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Alessandro D'Angelo - COBRA

Mae Rim is a rural area not far from Chiang Mai (Thailand), with many curvy roads traversing lush tropical greenery. Mr. Tum, a man of 55, shaved bald but with a patch of hair the back and small ancient tattoos in the body, manages a "Snake Farm" . In 20 years of daily shows he lost a finger of his hand and damaged the others irremediably after suffering cobra bites. His collaborator mr Feng have many scars on the arms.
There is a ticket office and with few money you are granted access, where you can sit on the tribune and wait for the show. A speaker with microphone and music background announces the start of the "games". The show is simple, Mr Tum and his collaborator stay in a ring, interacting or annoying the snakes and dodging the bites. There are some intense moments like the "kiss of the cobra" or when the situation seems out of control. After the fight, the fangs and the venom of the cobras are shown to the spectators, to demostrate that there are no fictions or deceptions and that the animals have not been mutilated or rendered harmless.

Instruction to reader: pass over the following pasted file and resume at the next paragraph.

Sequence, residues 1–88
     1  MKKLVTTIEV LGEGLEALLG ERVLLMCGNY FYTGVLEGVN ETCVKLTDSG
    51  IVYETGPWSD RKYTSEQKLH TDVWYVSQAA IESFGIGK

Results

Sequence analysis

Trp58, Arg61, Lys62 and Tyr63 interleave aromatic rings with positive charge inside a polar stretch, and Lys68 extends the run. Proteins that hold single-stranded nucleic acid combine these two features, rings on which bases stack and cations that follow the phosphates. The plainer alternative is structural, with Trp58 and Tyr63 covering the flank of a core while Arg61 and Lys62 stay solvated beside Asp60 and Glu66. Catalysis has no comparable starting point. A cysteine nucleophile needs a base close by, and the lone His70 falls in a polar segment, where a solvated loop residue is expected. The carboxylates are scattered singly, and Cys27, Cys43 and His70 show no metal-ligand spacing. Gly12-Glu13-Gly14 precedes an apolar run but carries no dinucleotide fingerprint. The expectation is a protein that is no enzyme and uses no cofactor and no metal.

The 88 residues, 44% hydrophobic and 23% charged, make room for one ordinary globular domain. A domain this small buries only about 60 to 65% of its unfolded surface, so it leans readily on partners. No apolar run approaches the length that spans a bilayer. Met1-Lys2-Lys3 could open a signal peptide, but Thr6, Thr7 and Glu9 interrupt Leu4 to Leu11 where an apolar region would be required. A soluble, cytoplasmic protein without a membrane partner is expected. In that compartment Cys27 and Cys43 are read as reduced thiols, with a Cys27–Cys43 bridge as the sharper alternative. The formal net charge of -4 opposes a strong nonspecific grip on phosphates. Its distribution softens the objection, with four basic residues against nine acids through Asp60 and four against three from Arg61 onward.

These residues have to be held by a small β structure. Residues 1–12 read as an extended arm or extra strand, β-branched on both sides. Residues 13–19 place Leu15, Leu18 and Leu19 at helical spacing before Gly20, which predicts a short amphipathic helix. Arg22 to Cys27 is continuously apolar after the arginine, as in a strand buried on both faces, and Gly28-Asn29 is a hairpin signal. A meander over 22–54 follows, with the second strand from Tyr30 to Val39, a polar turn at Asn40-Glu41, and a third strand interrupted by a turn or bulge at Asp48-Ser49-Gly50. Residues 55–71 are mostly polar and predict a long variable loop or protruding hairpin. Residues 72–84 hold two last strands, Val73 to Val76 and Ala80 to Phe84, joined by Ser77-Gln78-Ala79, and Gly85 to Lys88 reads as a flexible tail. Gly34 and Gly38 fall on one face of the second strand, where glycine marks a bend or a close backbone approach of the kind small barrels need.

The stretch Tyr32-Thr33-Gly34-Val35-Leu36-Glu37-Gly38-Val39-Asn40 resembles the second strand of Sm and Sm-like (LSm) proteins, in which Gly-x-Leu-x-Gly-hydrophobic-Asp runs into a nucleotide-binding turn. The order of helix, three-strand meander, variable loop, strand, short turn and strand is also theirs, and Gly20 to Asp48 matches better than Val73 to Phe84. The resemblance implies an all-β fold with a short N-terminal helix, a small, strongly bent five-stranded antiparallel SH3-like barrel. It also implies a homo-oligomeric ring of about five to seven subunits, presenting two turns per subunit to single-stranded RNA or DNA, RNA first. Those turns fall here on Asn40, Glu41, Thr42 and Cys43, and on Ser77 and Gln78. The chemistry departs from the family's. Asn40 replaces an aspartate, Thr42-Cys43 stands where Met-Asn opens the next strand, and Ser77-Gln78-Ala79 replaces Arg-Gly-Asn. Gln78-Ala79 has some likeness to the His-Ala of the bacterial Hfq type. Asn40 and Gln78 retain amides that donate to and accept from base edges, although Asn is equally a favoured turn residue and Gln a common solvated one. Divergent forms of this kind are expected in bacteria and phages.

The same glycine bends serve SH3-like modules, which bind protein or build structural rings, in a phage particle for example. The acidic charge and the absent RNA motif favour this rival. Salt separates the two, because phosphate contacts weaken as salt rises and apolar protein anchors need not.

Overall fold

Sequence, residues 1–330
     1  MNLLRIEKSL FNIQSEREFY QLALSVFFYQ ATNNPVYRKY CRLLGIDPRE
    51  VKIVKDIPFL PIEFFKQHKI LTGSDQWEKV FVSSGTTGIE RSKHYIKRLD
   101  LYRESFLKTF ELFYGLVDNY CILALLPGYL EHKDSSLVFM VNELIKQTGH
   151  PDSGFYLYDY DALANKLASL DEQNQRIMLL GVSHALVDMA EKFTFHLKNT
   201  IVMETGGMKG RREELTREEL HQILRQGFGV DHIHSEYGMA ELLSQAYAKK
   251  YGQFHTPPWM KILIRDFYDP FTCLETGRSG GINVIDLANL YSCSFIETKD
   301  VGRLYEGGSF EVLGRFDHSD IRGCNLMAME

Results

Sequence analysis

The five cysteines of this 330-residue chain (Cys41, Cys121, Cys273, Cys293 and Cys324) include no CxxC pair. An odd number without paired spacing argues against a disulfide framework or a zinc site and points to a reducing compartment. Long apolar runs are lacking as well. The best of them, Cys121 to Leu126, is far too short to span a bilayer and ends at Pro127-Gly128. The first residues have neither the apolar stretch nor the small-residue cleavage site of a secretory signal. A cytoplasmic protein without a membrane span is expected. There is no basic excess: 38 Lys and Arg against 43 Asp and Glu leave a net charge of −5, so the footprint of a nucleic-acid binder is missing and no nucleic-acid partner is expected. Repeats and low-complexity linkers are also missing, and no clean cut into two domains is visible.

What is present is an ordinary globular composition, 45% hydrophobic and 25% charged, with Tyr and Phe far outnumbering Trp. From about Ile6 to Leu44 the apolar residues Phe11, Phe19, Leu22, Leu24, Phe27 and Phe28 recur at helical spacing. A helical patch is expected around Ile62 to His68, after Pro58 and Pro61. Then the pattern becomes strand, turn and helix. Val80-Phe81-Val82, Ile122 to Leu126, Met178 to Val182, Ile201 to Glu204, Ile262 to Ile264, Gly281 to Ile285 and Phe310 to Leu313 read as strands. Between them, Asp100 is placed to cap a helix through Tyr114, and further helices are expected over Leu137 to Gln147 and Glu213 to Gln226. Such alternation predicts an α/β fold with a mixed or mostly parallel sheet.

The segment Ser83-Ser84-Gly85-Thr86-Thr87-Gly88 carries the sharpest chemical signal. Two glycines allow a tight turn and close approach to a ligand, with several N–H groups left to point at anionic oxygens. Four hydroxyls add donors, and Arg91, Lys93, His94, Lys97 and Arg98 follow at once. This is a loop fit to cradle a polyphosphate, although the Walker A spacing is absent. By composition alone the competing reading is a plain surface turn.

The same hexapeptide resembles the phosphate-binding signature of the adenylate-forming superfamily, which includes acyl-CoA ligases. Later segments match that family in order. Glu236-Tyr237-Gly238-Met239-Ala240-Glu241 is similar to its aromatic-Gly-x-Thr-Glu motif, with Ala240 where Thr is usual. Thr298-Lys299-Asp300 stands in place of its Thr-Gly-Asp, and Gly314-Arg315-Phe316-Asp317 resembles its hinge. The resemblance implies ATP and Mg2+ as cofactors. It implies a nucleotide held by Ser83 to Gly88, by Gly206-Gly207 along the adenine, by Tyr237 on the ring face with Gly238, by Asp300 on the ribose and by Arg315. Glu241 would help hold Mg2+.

Tum makes shows togheter his collaborators many times a day for people (sometimes two or three), interacting with cobras, pythons, banded krait and other reptiles. Most of these animals are caught in the jungle or bought from the local markets.
It's a way to attract tourists in an area that is sometimes too far from typical tourist locations in the country.
The snakes (especially cobras) is very important in the local culture, as they are a symbol between good and evil.
A fair number of people still attend these kinds of shows despite some in western culture who refuse to attend them or question their legitimacy. An American once spent six months with Mr. Tum to learn Tum’s craft.
Therein lies a controversial relationship between global tourism and survival of small communities that put on such shows as an economic resource.